Should I send (en_dek + data) to the key server or should I fetch the KEK into the app server? Which one is more safe practice?
Sending the key
en_dek to the key server to be handled there is pretty much how a hardware security module works at a high level. The advantage of this approach is that the key material never touches the application server. So any compromise of the application server can only decrypt the keys that are currently in memory, as well as potentially submit decryption requests to the key server. However, the attacker does not automatically get access to the master key itself, which is important.
Given you're already talking about sending the data to another system to be decrypted, I wonder if it might not be better simply to send the data, thereby hiding the key entirely from the application server?
In any scheme like this, the security of the key depends entirely on the security of the server or HSM on which it is stored. Usually, true HSMs are reasonably good at protecting keys unless you're very handy with electronics.
Both these methods have a flaw that if an attacker is able to get access to either of these servers, he will get to know both KEK and DEK. How can we prevent this?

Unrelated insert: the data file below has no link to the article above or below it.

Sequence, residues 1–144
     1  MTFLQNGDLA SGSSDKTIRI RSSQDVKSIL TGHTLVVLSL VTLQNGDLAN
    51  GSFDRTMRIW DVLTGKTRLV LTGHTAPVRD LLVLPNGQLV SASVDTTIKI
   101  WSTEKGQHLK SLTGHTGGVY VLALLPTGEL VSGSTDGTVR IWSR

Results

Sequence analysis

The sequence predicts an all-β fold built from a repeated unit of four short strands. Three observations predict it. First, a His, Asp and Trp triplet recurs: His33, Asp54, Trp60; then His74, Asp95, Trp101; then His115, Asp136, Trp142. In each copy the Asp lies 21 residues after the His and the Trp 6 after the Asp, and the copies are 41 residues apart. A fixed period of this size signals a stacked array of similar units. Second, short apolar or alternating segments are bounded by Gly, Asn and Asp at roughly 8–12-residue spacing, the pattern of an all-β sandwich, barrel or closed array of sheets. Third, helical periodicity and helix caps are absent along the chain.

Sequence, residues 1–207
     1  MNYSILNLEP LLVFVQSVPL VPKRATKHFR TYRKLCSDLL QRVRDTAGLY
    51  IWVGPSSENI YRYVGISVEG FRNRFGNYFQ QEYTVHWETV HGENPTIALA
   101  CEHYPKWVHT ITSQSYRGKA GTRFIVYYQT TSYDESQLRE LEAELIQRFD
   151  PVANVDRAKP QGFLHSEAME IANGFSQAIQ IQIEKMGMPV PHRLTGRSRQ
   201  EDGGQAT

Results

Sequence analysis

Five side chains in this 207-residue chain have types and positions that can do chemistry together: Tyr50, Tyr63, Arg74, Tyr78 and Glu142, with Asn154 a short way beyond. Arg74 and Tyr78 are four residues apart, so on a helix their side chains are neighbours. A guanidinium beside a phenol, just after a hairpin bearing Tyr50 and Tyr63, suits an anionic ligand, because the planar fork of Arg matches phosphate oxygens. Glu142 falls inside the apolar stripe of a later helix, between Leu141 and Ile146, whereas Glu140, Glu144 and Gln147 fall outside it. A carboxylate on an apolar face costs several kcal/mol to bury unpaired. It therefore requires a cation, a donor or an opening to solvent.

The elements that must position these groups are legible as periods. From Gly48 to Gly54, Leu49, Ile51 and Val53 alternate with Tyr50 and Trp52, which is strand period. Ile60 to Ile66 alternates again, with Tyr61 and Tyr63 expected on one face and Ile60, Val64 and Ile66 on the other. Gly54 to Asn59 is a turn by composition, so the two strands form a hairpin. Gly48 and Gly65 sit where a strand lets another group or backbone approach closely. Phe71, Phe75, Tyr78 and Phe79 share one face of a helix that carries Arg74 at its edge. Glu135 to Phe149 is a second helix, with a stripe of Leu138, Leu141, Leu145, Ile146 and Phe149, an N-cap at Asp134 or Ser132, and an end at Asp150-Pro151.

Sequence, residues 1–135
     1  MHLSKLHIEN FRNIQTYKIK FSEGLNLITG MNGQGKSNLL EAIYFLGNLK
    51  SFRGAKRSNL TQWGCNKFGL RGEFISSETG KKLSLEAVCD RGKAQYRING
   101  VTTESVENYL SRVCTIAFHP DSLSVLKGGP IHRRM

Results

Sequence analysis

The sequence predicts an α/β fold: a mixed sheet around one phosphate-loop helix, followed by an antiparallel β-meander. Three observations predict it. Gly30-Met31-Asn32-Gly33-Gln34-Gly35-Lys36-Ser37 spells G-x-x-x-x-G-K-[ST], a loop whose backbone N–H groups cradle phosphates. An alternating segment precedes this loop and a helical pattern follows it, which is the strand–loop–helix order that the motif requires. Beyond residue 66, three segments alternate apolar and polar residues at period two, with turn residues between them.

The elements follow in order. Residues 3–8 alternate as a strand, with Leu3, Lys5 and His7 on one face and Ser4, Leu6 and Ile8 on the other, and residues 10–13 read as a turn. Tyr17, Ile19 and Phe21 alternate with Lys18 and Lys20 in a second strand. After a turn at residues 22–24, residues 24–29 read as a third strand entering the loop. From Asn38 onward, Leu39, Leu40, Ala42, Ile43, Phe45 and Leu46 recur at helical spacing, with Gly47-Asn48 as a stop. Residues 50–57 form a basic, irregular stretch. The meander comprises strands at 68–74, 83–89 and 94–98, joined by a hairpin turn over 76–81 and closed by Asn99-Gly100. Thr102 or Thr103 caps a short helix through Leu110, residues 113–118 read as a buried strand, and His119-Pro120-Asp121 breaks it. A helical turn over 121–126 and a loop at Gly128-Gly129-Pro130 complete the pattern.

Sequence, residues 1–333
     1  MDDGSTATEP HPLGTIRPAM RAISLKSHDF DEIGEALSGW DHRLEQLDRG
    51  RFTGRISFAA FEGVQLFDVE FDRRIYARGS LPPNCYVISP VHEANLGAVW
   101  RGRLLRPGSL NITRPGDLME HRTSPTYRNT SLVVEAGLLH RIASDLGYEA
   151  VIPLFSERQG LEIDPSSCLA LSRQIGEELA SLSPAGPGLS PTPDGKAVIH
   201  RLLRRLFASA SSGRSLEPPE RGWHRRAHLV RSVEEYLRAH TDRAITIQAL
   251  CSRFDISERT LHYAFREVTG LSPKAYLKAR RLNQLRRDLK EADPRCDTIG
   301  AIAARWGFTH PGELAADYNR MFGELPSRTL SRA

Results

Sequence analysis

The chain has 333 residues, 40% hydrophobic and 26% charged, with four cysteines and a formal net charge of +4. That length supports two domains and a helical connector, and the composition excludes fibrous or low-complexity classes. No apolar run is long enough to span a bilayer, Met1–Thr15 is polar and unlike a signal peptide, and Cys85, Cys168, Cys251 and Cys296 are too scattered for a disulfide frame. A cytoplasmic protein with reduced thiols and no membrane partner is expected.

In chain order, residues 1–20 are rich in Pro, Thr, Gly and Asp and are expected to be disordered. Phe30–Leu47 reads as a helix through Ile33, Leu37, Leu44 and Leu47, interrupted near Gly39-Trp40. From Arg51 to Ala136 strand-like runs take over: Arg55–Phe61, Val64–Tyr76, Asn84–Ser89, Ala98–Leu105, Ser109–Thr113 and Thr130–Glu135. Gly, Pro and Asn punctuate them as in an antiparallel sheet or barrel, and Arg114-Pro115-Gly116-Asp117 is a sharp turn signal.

You can't, except by using a dedicated HSM, which is essentially what you're discussing building. I would simplify the scheme and keep the keys on one server dedicated only to cryptographic operations, and keep that server locked down.
For more on these two points, see the OWASP rules on cryptographic storage.
When we talk about key rotation, which of the two keys (DEK and KEK) is rotated?
Ideally, both. Rotating the KEK should be easier, since DEKs are fixed size and there shouldn't be all that many of them. Rotating DEKs might be harder if you are encrypting lots of data.
From the OWASP page, which says it better than I can:
Rekeying refers to the process of decrypting data and then re-encrypting it with a new key. Periodically rekeying data helps protect it from undetected compromises of older keys. The appropriate rekeying period depends on the security of the keys. Data protected by keys secured in dedicated hardware security modules might only need rekeying every three years. Data protected by keys that are split and stored on two application servers might need rekeying every year.